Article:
Director: Johannes Nyholm
Writer: Johannes Nyholm
Cast: Leif Edlund, Ylva Gallon, Peter Belli, Katarina Jakobson, Morad Baloo Khatchadorian, Brandy Litmanen
Part of: /slash Filmfestival 1/2
Seen on: 3.5.2019
Content note: sexualized violence, rape
Tobias (Leif Edlund) and Elin (Ylva Gallon) plan to spend the weekend camping. Their relationship hasn’t been going well and they hope that some time focusing on each other may give them the chance to repair things. They pitch their tent on a clearing in the woods and start settling. But then Mog (Peter Belli) – incongruously dressed in a white suit – shows up with his entourage and things take a very bad turn . And then another. And another.
Koko-di Koko-da builds from a strong idea and has some excellent moments, though overall it runs a tad too long. The main story is intercut with beautiful animation – basically short films within the film, told in chapters. They were the strongest bit for me. I did enjoy the film overall, but I didn’t love it.
It’s never easy to tell a story where the main conceit is repetition. Koko-di Koko-da moslty strikes a good balance, though, in switiching things up during the loops, but it does run a tad too long nevertheless. The strongest loop was probably the first that was still most firmly rooted in reality – and where everything was still fresh. The problem was that in the loops after that Tobias was so completely horrible as a person, that I could barely stand watching, despite the fact that the way the loops play out was interesting. I just wanted to shoot him myself and that didn’t help me with staying interested.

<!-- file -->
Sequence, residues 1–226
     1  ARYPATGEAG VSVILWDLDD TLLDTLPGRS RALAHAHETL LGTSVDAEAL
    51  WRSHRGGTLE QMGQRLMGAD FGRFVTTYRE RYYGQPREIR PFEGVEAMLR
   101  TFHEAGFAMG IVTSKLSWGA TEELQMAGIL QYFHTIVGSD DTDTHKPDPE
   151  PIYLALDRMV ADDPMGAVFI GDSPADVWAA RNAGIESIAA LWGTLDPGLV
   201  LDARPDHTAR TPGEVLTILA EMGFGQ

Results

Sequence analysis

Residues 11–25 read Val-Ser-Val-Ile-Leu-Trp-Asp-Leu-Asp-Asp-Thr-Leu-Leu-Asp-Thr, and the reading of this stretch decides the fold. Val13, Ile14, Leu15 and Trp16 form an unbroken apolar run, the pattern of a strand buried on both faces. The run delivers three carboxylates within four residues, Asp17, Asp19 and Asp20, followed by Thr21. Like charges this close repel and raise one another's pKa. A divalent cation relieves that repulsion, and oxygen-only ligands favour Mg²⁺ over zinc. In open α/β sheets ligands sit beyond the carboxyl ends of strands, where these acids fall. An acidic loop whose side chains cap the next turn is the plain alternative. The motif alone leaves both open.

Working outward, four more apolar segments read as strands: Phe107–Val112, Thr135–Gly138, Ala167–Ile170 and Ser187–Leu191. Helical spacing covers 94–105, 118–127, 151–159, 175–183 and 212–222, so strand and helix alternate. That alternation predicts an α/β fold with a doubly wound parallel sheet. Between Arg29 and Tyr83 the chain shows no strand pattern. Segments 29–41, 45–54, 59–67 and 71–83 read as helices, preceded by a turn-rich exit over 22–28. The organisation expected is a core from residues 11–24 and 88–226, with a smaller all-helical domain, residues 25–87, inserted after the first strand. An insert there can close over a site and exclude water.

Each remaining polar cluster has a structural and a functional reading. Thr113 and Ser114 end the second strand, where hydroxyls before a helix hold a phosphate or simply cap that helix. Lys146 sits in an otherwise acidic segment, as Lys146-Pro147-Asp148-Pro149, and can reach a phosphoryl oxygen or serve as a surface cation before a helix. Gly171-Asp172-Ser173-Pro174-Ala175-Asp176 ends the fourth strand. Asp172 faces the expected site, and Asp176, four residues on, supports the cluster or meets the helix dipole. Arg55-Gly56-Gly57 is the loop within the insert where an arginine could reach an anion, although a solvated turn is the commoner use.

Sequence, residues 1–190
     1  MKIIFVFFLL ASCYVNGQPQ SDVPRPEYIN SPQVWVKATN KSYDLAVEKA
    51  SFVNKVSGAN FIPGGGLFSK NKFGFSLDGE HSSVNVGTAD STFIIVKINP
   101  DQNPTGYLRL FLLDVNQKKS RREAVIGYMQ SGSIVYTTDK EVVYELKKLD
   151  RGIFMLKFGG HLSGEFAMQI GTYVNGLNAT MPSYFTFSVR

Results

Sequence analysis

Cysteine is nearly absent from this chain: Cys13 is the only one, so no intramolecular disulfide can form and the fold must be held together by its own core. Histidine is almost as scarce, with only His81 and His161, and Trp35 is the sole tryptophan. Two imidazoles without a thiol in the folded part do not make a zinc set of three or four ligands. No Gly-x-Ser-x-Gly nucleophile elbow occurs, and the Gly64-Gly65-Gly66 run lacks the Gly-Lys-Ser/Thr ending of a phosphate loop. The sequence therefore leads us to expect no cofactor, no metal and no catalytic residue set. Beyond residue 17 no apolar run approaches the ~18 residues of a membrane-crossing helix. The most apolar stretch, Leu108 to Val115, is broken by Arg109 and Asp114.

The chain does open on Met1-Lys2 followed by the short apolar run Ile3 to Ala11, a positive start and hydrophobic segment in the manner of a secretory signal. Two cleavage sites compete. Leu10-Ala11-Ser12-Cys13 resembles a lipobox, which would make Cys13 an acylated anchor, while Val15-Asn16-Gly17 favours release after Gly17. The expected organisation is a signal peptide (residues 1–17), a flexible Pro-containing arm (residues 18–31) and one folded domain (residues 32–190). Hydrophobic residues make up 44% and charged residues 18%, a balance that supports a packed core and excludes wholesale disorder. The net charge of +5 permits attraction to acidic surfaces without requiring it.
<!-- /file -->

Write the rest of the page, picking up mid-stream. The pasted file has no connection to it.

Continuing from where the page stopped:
When the loops start to become more fantastic, less moored in reality, things take an even more engaging turn. By then, it was almost too late for the film to recapture my interest, but it got there (and the sudden snow was very cool). Interspersed are the animated stories I mentioned that I absolutely loved, though I’m not sure I can really connect them to the rest of the film, at least the second one.
What I had a really hard time with was the sexualization of the attacks on Elin. The film would have worked just as well if she had just been beaten or killed instead of sexually assaulted or raped. It was also weird to me how she just lies there in the second segment and nobody pays any attention to her anymore, although she doesn’t appear to be dead.
The film is very atmospheric. Mog and his crew are super creepy. There is a lot of material for dissection and analysis here. But in the end, I lost interest a little too much to really want to deep dive into the film. Still, it’s a good watch and maybe you can lose yourself in it a little more.
Summarizing: mixed, but the good parts are definitely worth it.